- Catholic: "The church's rich social teachings, including pronouncements of popes and the magesterium as a whole (not to mention Jesus himself) instruct the faithful to care for the weak and destitute; thus we are moved to show charity by addressing the persistent problem of homelessness, which remains a blight on society."
- Unitarian: "The enlightened spirit of humankind yearns for the equality of all people; moreover, how can that happen as long as the persistent problem of homelessness remains a blight on society?"
- Mayor: "In this year when I am running for reelection, it is important for all residents to remember that our city takes care of all our citizens. I commit the resources of this administration to building this shelter because the persistent problem of homelessness remains a blight on society."
- Chamber President: "The persistent problem of homelessness, which remains a blight on society, is also really bad for the economy, as it drives away tourists from the business district."
- Councilwomman: "We should act now because the persistent problem of homelessness remains a blight on society."
- Sen. Paul: "The persistent problem of homelessness may be a blight on society, but what the heck does that have to do with the government?"
Get the point? Despite whatever secular or religious tradition each participant hails from, most of them -- at least in the context of this public discussion -- are guided by some sort of generic humanitarian or pragmatic impulse. Is this a Q.E.D. for the Rawlsians, then?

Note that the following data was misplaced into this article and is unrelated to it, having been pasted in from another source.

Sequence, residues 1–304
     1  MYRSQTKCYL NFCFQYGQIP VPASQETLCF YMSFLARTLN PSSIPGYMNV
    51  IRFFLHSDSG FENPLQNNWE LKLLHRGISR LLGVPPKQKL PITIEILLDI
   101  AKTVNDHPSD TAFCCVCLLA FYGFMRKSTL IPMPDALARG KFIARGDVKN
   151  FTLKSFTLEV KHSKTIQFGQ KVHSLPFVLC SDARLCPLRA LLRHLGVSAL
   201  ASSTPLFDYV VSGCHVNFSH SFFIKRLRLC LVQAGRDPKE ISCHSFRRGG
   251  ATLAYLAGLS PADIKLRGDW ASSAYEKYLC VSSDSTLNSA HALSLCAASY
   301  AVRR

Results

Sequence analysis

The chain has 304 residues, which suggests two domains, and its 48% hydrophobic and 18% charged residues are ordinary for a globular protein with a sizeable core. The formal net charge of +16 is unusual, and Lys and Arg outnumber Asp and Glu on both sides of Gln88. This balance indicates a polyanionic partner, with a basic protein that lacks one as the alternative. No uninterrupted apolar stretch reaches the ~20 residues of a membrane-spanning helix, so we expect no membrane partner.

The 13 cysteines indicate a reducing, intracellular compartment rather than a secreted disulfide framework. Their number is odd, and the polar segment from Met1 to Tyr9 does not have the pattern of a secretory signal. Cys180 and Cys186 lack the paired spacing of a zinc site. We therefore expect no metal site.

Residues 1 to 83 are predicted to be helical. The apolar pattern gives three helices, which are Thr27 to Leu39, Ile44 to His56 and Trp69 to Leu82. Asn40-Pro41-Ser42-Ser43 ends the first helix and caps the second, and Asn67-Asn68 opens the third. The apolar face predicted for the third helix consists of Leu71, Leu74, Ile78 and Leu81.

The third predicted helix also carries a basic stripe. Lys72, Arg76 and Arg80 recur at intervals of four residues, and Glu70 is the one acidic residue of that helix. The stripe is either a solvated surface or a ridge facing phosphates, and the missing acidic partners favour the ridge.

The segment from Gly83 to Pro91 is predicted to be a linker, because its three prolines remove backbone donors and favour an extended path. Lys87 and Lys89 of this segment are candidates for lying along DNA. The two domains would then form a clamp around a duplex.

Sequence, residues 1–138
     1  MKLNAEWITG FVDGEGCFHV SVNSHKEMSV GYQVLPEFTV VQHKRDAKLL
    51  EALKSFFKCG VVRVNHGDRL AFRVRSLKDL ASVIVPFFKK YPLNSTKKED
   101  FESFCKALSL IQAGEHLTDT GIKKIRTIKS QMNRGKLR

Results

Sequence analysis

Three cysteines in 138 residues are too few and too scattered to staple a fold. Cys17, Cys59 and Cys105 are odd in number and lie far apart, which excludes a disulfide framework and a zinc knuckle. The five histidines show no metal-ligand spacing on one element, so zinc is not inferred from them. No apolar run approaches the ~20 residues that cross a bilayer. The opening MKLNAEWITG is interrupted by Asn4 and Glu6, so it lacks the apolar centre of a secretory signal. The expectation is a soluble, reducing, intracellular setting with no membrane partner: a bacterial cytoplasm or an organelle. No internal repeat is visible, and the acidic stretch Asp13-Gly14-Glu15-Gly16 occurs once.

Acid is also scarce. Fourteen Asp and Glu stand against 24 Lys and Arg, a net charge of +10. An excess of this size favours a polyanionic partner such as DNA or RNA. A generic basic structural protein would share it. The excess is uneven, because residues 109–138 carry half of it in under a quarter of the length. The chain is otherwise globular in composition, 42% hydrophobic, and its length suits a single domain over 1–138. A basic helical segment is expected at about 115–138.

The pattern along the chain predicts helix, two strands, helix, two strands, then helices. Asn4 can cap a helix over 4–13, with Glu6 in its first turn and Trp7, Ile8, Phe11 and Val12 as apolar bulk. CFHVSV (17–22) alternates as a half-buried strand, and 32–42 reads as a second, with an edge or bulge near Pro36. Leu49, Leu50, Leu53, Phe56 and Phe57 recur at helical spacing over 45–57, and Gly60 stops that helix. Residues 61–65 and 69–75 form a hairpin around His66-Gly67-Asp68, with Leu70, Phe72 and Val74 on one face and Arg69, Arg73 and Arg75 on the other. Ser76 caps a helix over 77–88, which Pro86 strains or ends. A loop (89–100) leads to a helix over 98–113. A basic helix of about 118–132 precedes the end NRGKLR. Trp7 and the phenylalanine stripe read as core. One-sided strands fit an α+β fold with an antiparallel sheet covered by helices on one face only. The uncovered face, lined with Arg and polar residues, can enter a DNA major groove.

But this is a silly and simplistic thought experiment, you might object. I concede that the real world tussle of beliefs and actions is much more complex and fraught than this little exercise would suggest. Religious beliefs and ethical commitments are woven together into a much more complex tapestry than even Bill Maher's more sophisticated theories can explain.
But others might object that this example merely illustrates ad hoc moral reasoning on the fly; This is not a proposal for how to integrate formal systematic theology and ethics. Perhaps.
|Ayn Rand, "Philosopher"|
I'm not sure, but pondering this exercise makes me more suspicious of ethical reductionism. Schleiermacher, the father of modern theology himself, (in)famously posited (or "made up") this notion that all human experience is rooted in an priori, transcendental self-consciousness called "feeling" (Gefühl). The English term "feeling" is misleading here, as it intends something much more comprehensive than "emotion", as in the famous song by Morris Albert (So, Millenials,...Oh just nevermind!). But that's not important right now. What is significant here is that Schleiermacher distinguishes feeling from the faculties of knowing and doing (including morality) and claims that feeling is the true locus of religious experience. Christian theology, he argues, consists in the critical exposition of that religious experience as it has been molded and determined by the saving influence of Christ. Now whatever reservations one might have about this proposal, Schleiermacher might be onto something in this regard: Perhaps it's simply impossible to reduce theology to ethics, and perhaps the relationships between the two disciplines are more tenuous and subtle even for a DET post to untangle.
So no ethical reductionism then; rather, onward into the conflict of interpretations!
My apologies to the Kantians and (a little begrugingly) to the Rawlsians. But as for you Randians...I can't even!